Schizophrenia affects almost all human mental activity, and the symptoms are extremely diverse. Her theory explains this diversity of symptoms. If the disease affects the communication of networks within the brain, then proper connections cannot made, which can lead to hallucinations or delusions. That is, people with schizophrenia misinterpret the outer world - they cannot distinguish between whatís inside the mind and whatís outside.
Dr. Andreasen offers hope for the future. She says this is one of the most exciting times in psychiatry because researchers are combining knowledge at the systems level (that is, at the level of symptoms and how the mind thinks) with knowledge at the genetic level. People are now thinking about how to make these enormous domains of science meet in the middle and illuminate what happens in mental illness.
To contact Dr. Andreasen, please write: Dr. Nancy Andreasen; Director; Mental Health Clinical Research Center; University of Iowa Hospitals and Clinics; 200 Hawkins Drive; Iowa City, Iowa 52242. Or visit http://www.medicine.uiowa.edu.
Next, Dr. Xavier Amador talks about helping someone with schizophrenia who doesnít believe he or she is ill. Dr. Amador is the Director of Psychology at the New York State Psychiatric Institute and a Professor of Psychology in the Department of Psychiatry at Columbia University College of Physicians & Surgeons. He is the author of I Am Not Sick, I Donít Need Help, which is published by VidaPress.
Dr. Amadorís brother was diagnosed with schizophrenia in his twenties.Dr. Amador says he couldnít understand why his brother didnít believe he was ill. He thought his brother was in denial. Like many revolving-door patients, his brother would end up back in the hospital because he didnít think he was sick, so he wouldnít take his medication.
Dr. Amador says itís natural for a family member or clinician to feel frustrated and angry in this situation, but confronting the person with reality doesnít work. Research now shows that itís not denial, but rather a symptom of the brain disorder. Itís called anosognosia - a lack of insight into the illness. About 50% of people with schizophrenia and bipolar disorder have it. The person has concept of themselves thatís stranded in time - they donít comprehend whom the illness has made them into.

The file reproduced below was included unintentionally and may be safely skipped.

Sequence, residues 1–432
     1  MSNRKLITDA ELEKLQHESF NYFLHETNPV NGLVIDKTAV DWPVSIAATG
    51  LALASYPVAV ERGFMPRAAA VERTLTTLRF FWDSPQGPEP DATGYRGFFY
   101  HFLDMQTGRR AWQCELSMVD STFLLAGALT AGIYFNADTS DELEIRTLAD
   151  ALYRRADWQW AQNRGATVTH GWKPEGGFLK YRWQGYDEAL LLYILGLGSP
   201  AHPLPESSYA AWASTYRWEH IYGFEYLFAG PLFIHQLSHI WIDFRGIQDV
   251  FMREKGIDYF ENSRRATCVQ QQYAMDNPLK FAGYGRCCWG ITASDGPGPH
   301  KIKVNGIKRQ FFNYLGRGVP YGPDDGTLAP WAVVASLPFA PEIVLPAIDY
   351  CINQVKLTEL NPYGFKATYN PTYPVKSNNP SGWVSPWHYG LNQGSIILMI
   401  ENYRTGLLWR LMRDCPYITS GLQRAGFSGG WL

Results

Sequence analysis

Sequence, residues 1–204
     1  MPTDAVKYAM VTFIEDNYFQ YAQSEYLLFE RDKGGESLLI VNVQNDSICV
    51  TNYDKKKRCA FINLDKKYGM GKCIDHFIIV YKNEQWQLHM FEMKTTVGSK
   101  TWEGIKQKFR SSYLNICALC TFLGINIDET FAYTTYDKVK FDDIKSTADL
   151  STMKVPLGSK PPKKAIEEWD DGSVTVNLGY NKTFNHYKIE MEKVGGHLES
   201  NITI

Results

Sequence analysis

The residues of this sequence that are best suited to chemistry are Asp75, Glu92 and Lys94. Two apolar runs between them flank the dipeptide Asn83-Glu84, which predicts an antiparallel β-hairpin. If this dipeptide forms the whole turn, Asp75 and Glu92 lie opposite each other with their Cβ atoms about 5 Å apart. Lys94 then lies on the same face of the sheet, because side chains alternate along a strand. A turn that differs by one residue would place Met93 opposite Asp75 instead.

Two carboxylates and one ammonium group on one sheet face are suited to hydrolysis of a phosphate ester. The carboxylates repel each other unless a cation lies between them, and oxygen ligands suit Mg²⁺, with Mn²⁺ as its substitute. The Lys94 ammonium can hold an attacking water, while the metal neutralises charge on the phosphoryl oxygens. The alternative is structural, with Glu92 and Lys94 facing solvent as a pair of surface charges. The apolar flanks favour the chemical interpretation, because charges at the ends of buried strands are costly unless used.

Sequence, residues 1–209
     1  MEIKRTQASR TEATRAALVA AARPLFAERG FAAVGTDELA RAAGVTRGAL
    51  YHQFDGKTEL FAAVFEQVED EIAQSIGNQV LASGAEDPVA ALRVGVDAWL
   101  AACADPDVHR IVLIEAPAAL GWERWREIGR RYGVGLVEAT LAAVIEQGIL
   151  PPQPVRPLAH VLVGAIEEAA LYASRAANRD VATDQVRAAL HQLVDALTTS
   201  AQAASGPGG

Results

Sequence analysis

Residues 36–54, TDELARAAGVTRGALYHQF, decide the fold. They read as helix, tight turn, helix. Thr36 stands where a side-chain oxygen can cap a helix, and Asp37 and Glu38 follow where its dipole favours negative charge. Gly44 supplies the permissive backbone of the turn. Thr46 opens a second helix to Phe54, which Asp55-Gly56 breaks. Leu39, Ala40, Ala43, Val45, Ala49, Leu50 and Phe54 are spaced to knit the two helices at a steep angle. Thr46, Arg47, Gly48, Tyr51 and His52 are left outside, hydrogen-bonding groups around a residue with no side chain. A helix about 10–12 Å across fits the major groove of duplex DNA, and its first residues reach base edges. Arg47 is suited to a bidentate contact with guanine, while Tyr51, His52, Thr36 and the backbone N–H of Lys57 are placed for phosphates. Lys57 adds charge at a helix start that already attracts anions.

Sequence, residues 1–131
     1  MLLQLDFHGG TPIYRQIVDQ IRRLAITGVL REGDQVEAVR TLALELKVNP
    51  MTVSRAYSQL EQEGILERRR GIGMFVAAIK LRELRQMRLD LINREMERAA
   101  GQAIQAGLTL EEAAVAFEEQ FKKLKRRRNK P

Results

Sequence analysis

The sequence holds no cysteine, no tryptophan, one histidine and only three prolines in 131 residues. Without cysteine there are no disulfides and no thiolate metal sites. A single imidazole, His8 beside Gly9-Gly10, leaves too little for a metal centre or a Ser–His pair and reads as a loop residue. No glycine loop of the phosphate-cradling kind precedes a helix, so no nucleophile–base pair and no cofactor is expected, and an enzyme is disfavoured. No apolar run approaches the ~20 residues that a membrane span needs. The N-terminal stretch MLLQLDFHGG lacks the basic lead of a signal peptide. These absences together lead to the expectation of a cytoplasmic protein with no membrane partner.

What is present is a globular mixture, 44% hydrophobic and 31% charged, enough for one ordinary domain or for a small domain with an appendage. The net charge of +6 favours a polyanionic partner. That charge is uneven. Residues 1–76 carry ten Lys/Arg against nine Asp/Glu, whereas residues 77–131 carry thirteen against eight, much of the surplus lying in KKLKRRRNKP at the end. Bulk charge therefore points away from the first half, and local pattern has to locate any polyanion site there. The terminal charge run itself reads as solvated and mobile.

His suggestion for family members and clinicians is to fight those battles you can win. He uses his brother as an example. Donít fight over whether the person has an illness; gain his trust and respect. Work with the person to get the things he wantsólook for common ground with the patient, finding any reason he might want to take the medication. For example, taking medication would keep him out of the hospital, so he can get a job.
To contact Dr. Xavier Amador or to order ď I Am Not Sick, I Donít Need HelpĒ, visit www.vidapress.com or call 877-990-2369.
In the past decade, a new class of drugs called atypical anti-psychotics has proven extremely beneficial for people with schizophrenia - allowing many to work or go back to school, and thus function normally in society. But these drugs still have serious side effects, and much research into medications remains to be done. Our next guest, Dr.Herbert Meltzer is a Professor in the Departments of Psychology and Pharmacology and a member of the Center for Molecular Neuroscience at Vanderbilt Medical Center in Tennessee.
The older ant-psychotics had major motor side effects, including Parkinsonís syndrome and tardive dyskenesia. Symptoms include involuntary movements most often affecting the mouth, lips, and tongue.
The new atypical antipsychotics do not produce these motor side effects, and they are extremely effective in reducing psychosis. Still, they have other side effects. For example, in one out of one hundred people, the drug Clozapine has a toxic effect on bone marrow (people using it must regularly test their blood). There are also even newer medications without the bone marrow side effect, though these can cause weight gain and metabolic disturbances, and some can lead to heart trouble.
Dr. Meltzer says that one possibility for the future is that if people can be identified (through brain imaging and genetic testing, for example) before they become psychotic, doctors might be able to give them the medications as prevention.
To contact write to Dr. Herbert Meltzer; Departments of Psychiatry and Pharmacology; Vanderbilt University; 2201 West End Avenue; Nashville, TN 37235.